Even if you don’t think there’s anything wrong, go have a re-check and you might surprise yourself.

My Deadlift technique checklist:

– Mid-foot under the bar (from heel to toe)
– Feet appropriate distance apart (I perform a vertical leap to determine this – you will automatically set your feet apart at a distance which allows for maximal force production)
– Hands on the bar (quick pull on each side to ensure each side will lift an equal amount of force – is your hand applying force symmetrically?)
– Shins to the bar
– Head up
– Chest up and forward
– Arms at 90 degree angle to the floor
– LEGS PUSH!
– Bar passes knees = HIPS FORWARD!
– Tall posture at top

Done.

————

I’ve fallen in love with squatting again. Recently, I’ve approach this lift simply:

10 reps at 50% projected 1RM
5 reps 15ks short of day’s maximum
3 reps 7.5kgs short of day’s maximum
1 rep of day’s maximum
10 rep Sadiv set

This is performed twice a week, with the weight increasing by 2.5kg on the second session.
This has now reached the point where I will lift more than my old 1RM of 140kg as part of a standard training session.

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Again, before I sign off, I’ll echo the following:

The best lifting methods:

– Appropriate challenge (mental and physical)
– Appropriate recovery
– Gradual increases in resistance

This regime delivers all three, with enough practice to improve movement path efficiency and enough variety to prevent boredom.

Eventually, I’ll hit a lift I cannot complete. Quite simply, I’ll retry the following week and if it fails, I’ll scale it back 2.5kgs and smash it later. If that doesn’t help I’ll perhaps consider another lifting method. Until then – I’m loving this too much!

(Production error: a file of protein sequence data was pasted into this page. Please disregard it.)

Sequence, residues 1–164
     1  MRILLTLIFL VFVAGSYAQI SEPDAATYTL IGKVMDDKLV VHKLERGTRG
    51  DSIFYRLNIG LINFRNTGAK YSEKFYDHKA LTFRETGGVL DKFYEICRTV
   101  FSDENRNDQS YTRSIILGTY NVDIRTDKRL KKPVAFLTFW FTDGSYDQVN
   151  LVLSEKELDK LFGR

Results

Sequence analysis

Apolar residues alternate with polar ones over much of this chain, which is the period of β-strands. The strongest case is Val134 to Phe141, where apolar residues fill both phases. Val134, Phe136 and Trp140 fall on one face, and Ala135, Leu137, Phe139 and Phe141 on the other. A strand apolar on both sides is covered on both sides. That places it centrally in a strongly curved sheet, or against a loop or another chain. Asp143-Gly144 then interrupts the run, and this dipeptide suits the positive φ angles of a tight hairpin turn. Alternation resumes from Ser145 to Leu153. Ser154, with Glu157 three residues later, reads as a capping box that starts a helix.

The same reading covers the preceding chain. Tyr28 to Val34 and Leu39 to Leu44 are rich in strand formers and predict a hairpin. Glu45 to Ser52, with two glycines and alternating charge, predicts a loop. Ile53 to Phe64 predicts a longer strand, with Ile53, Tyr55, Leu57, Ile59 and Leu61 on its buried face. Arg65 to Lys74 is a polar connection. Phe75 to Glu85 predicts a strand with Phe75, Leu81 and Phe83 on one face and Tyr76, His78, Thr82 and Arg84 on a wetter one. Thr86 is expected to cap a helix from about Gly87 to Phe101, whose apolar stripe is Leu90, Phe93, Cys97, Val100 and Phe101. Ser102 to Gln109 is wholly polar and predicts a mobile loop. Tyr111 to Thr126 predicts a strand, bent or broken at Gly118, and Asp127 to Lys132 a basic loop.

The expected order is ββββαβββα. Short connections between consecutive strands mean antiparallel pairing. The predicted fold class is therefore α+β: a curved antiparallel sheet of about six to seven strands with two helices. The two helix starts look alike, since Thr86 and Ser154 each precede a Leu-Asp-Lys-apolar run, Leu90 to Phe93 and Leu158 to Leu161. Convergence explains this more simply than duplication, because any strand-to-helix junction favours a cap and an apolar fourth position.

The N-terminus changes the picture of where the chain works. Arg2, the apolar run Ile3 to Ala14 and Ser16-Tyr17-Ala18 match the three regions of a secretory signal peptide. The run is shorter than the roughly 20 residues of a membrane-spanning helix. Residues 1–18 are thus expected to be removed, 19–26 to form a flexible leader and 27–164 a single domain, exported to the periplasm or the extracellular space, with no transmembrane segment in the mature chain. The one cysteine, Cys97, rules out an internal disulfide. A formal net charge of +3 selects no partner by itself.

Go train, folks.

 

Can’t Stop

Posted: November 27, 2011 in Uncategorized

I haven’t posted in two weeks with good reason…

I’ve been getting on with it.

I realize that I had previously been using CS as an outlet to pass on information that had begun to swell in my brain over years of physical training as, except for my own use, it was going nowhere. However, now coaching at Dundee University Boat Club, I’m able to pass on and use this information in a more relevant format. It’s one thing to simply suggest how people may wish to train over the internet – it’s another to put it to use in order to make someone’s physical performance improve.

The coaching experience over the last few months has been stellar. I’ve learned a few important things:

– It’s not about pushing someone, it’s about teaching someone to push themselves.
– Personal anecdotes, if appropriate, can be a fantastic teaching tool/motivator. It can also give athletes faith in their coach.
– When you think, you’re just thinking, when you act, it’s happening. No progress is made if you simply think about what would be best for your athletes, it’s your own responsibility to put it into action despite an athlete’s resistance.
– Related to the above, it’s important that you not only sell yourself to your athletes, but that you sell the work they’re doing – it must be worth doing or people won’t do it.
– You can’t please everyone.
– You have to be OK with being disliked in phases, appreciated in others.
– You will not be right 100% of the time.
– Coaching is not simply passing on knowledge, it is a skill to be learned as some people learn differently than others.
– Talented people should be told they “may have potential”, not that they are talented – over confidence often = lack of effort.